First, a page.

But Kiima acknowledges there is little public knowledge about mental illness and not enough funding for a campaign. There is not even enough money to track how many people with mental health issues are treated each year. Kenya has only one psychiatrist for every 500,000 people, compared to one for every 8,000 at most in the United States. With so few doctors, many mentally ill or disabled Kenyans have no chance of a proper diagnosis and the conditions, which require very different care, are often confused.

Subsidized drugs are offered by the government but are often out of stock and can only be accessed by the few that can afford bus fares to local hospitals. Often the mentally ill or disabled are unable to get HIV/AIDS drugs through normal channels, since patient consent is required for testing. These patients _ described in Kenya’s own penal code and constitution as “idiots,” “imbeciles” and “persons of unsound mind” _ are legally deemed unable to give their consent and so can normally get neither tested nor treated.

Only a handful of trained specialists offer diagnosis or counseling outside the capital of Nairobi. Without access to doctors, many still believe the conditions are caused by witchcraft.

Families take affected relatives to traditional healers. Sometimes their personal knowledge of the patient’s culture allows successful treatment _ Kiima hopes to alleviate staff shortages by offering some healers formal training as community outreach workers.

But practitioners can also be destructive.

A few minute’s drive from Nyaboke’s house, a 28-year-old woman diagnosed with schizophrenia displayed slashes on her stomach from a witch doctor’s razor blade. Her relatives took her for treatment, hoping to exorcise the voices in her head. Instead her attacks worsened as she spent three months tied up naked, sliced and beaten, and forced to drink mysterious potions. The woman, who asked not to be named to protect her from attacks by fellow villagers, eventually received a correct diagnosis and subsidized medication from a government hospital.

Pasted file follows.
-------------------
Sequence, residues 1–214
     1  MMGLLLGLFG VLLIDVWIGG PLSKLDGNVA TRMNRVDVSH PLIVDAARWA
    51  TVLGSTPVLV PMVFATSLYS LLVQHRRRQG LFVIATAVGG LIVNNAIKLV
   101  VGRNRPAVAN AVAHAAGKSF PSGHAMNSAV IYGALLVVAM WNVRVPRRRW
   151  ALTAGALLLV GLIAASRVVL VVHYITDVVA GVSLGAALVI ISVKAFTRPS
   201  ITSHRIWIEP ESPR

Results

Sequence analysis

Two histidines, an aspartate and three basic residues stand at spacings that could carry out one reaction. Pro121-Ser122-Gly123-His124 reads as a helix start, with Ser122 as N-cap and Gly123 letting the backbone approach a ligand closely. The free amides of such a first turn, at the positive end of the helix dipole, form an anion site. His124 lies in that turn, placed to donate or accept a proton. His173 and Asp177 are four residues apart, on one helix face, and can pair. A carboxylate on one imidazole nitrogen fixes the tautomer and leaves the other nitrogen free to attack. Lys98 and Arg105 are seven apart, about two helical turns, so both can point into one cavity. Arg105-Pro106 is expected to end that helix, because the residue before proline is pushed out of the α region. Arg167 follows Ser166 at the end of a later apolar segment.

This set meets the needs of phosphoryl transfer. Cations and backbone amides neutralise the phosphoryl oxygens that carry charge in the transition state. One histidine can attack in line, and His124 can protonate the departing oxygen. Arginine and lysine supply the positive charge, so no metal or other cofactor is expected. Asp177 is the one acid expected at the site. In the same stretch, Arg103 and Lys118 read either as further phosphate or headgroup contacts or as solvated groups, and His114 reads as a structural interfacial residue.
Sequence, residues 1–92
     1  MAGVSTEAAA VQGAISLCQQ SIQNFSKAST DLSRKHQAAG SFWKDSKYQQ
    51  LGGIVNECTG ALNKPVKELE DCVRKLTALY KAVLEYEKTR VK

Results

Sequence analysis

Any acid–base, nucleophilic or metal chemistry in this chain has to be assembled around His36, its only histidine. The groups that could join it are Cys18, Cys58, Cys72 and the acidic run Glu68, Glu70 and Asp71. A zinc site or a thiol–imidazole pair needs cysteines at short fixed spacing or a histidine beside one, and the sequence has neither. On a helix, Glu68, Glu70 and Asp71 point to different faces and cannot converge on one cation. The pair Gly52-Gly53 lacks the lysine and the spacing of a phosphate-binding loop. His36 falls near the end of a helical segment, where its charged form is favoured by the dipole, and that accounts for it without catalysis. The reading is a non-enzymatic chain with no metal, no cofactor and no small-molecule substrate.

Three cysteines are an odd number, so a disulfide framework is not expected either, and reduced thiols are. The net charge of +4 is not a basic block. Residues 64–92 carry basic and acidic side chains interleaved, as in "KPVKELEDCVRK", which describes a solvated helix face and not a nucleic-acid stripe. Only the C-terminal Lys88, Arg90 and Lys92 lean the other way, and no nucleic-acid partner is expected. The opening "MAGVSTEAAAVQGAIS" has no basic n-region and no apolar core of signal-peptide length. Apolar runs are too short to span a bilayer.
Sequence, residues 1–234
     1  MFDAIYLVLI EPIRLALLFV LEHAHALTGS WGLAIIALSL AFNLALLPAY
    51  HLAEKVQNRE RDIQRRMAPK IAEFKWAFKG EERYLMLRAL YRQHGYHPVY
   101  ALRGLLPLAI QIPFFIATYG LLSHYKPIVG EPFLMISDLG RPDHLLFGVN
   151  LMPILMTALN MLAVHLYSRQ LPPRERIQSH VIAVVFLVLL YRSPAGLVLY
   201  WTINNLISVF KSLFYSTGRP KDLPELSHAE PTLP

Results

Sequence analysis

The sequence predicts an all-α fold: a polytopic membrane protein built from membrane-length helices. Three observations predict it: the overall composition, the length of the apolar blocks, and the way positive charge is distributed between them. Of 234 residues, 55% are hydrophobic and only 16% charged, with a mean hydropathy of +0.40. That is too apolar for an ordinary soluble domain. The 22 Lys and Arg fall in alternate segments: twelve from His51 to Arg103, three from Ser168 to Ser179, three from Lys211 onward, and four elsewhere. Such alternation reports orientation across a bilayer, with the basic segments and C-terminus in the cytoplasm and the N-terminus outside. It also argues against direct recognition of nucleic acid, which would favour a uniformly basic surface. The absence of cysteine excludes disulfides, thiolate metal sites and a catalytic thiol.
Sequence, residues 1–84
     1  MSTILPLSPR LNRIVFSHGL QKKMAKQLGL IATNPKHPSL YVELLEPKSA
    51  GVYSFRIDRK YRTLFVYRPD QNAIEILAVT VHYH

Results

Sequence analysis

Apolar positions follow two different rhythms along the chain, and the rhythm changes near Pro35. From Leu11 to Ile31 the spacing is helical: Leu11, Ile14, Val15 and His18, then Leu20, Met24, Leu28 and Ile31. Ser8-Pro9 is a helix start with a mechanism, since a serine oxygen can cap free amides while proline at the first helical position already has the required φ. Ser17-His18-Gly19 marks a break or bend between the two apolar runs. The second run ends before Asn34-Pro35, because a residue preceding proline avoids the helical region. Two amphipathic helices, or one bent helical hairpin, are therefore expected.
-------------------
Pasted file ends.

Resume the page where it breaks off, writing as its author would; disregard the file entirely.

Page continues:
Others do not survive. In the cool darkness of Hema Hospital morgue lies the corpse of a man in his 60s. Hezron Manduku, the hospital director, says the patient exhibited signs of mental illness when he was brought in by relatives. They said he had been treated with “traditional remedies.” Before the man could be diagnosed, his body swelled with fluid and the skin peeled off. Days later, he died.

“These traditional healers often administer medication which is the wrong dose, or expired, or otherwise inappropriate,” Manduku said. “We have no way of knowing what they have been giving patients because they prefer to keep treatments secret.”

With so few options available, some Kenyan families remain torn between their loved ones’ freedom and their safety.

“I feel so bad to lock them up because they’re human like me and my kids, so I love them, but what can I do?” Nyaboke asks as her daughter barrels into her lap for a hug. She strokes Veronica’s hair gently as the girl chuckles and coos.

“Sometimes I feel like a prisoner myself,” she adds softly. “But how could I give up on my kids?”